As of a couple of weeks ago, Mark Boulton Design -- together with Content Strategist, Relly Annett-Baker of Supernice Studios -- have been tasked with redesigning CERN's public-facing website, and the organisation's intranet. Most importantly, we're helping CERN tell the right story. We're helping the scientists and researchers at CERN (all thirty thousand of them) do their job better by providing better organisation of their internal online tools. We're also helping with a branding project to make sure the brand is represented cohesively across the many thousands of user websites.
It's a dream project. Seriously.
The European Organisation for Nuclear Research is based in a hap-hazard collection of buildings just outside of Geneva, Switzerland. In French, The European Organisation for Nuclear Research is known as Organisation Européenne pour la Recherche Nucléaire, or just simply CERN. Yes. That CERN.
Just after the second world war, several scientists from a bunch of countries (the so-called Founding Member States) got together to form an organisation to progress nuclear research. Over the years, many other countries joined the founding member states with a view to moving beyond study of the nucleus of an atom to that of high-energy particle physics.
The birth of the web
In 1989, Tim Berners-Lee was working at CERN and needed a simple way for sharing information between researchers. The very first website created using this system is still online. Incidently, have a look at the markup (semantically, it's as clean as a whistle). CERN is where the web was born. And I'm a web designer. And CERN is where it was born. Talk about geek-dream come true.
CERN is a collaboration. A culture of sharing, debate, discussion. We need to work in and amongst that community. We need to get to know them, how they work, how they think, who has a loud voice, who is influential, who are the key drivers of change. And so the list goes on. As such, we'll be approaching this project openly. We'll be working with the community in CERN rather than providing them with something.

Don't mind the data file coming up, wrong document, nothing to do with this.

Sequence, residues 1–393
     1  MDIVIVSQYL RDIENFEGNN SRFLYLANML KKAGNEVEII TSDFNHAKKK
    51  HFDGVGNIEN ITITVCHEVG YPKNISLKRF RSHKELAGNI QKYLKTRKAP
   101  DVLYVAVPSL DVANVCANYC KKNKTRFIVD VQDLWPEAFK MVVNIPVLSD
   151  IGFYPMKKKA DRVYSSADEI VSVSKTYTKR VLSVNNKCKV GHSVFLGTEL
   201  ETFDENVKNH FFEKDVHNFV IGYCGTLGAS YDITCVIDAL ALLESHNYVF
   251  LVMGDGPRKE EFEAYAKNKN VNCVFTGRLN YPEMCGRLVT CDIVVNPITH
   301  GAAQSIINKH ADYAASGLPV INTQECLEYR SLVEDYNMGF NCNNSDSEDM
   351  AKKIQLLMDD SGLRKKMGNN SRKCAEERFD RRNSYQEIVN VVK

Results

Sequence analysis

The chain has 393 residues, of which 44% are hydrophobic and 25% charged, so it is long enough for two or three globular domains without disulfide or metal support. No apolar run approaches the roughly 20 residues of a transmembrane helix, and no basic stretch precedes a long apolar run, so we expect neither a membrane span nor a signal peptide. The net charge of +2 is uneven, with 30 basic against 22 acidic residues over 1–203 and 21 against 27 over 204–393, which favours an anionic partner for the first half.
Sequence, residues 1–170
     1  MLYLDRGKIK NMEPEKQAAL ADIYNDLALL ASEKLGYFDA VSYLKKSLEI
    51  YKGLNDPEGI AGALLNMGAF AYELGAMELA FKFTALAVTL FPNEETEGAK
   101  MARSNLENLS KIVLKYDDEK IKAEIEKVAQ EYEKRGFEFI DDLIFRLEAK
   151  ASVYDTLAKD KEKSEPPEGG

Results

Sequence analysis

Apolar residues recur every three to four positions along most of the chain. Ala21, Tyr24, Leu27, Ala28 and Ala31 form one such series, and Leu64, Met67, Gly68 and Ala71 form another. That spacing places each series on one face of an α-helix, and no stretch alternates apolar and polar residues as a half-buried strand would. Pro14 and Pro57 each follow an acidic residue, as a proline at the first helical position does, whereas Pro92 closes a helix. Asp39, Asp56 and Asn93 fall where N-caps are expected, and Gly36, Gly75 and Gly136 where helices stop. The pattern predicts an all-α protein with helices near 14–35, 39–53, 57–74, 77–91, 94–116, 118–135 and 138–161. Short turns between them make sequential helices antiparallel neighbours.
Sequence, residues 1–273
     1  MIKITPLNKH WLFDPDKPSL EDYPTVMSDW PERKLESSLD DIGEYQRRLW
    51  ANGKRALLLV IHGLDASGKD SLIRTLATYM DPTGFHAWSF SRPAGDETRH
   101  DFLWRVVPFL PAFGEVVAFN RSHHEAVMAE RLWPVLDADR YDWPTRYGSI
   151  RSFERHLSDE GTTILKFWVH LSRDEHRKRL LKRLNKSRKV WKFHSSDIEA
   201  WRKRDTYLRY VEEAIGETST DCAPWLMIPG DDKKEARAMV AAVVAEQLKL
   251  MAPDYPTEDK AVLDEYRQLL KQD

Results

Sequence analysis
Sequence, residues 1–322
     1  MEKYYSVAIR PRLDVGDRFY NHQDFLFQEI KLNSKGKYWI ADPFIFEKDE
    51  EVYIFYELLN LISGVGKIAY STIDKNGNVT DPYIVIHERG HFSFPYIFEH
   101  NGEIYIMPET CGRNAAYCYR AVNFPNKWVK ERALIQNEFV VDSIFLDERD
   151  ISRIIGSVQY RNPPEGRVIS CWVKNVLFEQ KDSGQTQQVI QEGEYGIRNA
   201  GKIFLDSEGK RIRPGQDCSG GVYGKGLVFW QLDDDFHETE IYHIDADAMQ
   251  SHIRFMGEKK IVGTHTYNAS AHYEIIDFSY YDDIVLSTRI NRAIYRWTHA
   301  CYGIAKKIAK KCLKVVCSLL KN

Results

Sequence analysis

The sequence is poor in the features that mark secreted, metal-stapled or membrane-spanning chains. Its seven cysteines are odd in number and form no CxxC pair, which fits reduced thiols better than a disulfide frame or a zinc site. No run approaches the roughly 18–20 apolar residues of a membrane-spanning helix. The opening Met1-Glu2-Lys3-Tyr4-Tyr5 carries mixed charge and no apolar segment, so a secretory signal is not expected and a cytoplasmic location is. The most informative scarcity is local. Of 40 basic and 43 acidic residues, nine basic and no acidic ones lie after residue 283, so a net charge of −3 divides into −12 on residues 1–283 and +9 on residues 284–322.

I'll be speaking at CERN in September about Designing for Community, and sharing some of my thoughts about designing for two very different open source communities. There will be tales of woe, intrigue, victory – but above all – a story of how, together, people make amazing things.
It may just be likely that in the near future an announcement will come out of CERN that will fundamentally change our understanding of the universe. That's an important story to tell. Not only that, but it's an important story for CERN to tell to the right people, in the right way.
We're so excited to have the opportunity to work with some of the smartest people on the planet. To be working on a website that will communicate such rich and valuable stories from recent human scientific endeavours is both exhilarating and terrifying. And, to boot, we'll be working on the project openly within the CERN community of scientists and staff. As I mentioned, the culture of CERN is one that we simply couldn't do the 'designer locks themselves in a room for three months' type of project. We need their help every step of the way, and we'll be sharing our work as we go.
Like I said; terrifying. But, I keep telling myself, if you don't wake up and feel slightly scared about your life, it means you're in a rut. Feeling scared is about risk. And risk is what keeps us moving forward.
Out of the comfort-zone and around a 17 mile collider at nearly the speed of light.